But here is the astonishing thing; even though the project was now dead, Woodside reportedly faced demands from some Aboriginal leaders that it and the Barnett Government were still ‘morally obliged’ to payout a $1.5-billion compensation package to traditional owners. and help give them real jobs.
This is spending the money of a resources company without giving even the company itself the chance to first earn it. This strikes me as so symbolic of where we are as a country; we’re forgetting the basics.
It is worth repeating that jobs and economic growth are created by the private sector. Governments do not create those jobs. More often, the government’s role seems to be to make them less viable by taking as much money as they can from resources projects to spend, and adding to the cost burden.
It is incredible that after the last six years of record commodity boom times, we now find this once lucky country in record debt, with the federal budget tipped to deliver yet another deficit to further increase our record debt. Add to that the debt in all our overspending states. and in the Northern Territory. too. This debt is simply unsustainable, especially when Australia now faces an increasing elderly population with increasing needs, and fewer workers to pay for it all. This lucky country has got to start thinking, and acting.
I’m not the only outspoken,but time-deprived, Aussie now raising such concerns; increasingly, others are raising similar concerns. A pricewaterhouseCoopers (PWC) report released on 15 April 2013 concludes: ‘Sky-rocketing costs combined with falling capital productivity are dragging down Australia’s overall economic performance.’
Any miner could give you a long list of the rising costs of obtaining government approvals and their ongoing expense, meeting government requirements, delays in government allocation of land, payroll tax, capital gains tax, stamp duty and other taxes. No wonder major projects like Browse have been cancelled. This should make us all sit up and think. We are becoming too expensive and cost-uncompetitive.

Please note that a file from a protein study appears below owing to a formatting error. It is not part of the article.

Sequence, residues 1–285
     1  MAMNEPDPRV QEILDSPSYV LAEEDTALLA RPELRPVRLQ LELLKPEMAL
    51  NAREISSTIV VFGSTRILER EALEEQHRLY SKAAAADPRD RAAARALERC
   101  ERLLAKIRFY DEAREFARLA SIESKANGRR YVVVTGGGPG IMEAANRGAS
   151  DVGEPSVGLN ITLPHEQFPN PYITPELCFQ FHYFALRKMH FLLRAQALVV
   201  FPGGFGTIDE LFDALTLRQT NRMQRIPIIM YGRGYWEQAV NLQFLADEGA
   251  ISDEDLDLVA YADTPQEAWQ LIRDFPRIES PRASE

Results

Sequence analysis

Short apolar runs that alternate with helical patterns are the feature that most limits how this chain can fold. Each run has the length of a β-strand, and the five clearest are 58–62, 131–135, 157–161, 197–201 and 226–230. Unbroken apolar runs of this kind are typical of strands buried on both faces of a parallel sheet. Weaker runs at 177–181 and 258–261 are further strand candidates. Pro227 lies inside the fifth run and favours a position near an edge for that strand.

Even the Business Council of Australia on 15 April 2013, said: ‘The decision by Woodside Energy Limited to shelve its proposed Browse LNG project near James Price Point in Western Australia is a stark warning of the cost pressures in the Australian economy.
‘This is a worrying sign because these major projects are the main game in Australia’s economy. Missing out on opportunities like this impacts on the whole nation. ‘If we don’t ensure major projects can be delivered more efficiently, then our standard of living will be reduced.’
Governments need to be reminded that if they want more taxes from miners and related industries, they can’t discourage the investment needed to first earn what they want to take. The costs must come down. Investment needs to be welcomed; our country must compete against all others for investment. The reverse happens when a government imposes increased taxes, apparently unable to understand how that hurts investment and makes it harder to sell our products at competitive prices internationally. Tax increases can destroy businesses, and that means fewer taxes and fewer jobs and fewer opportunities.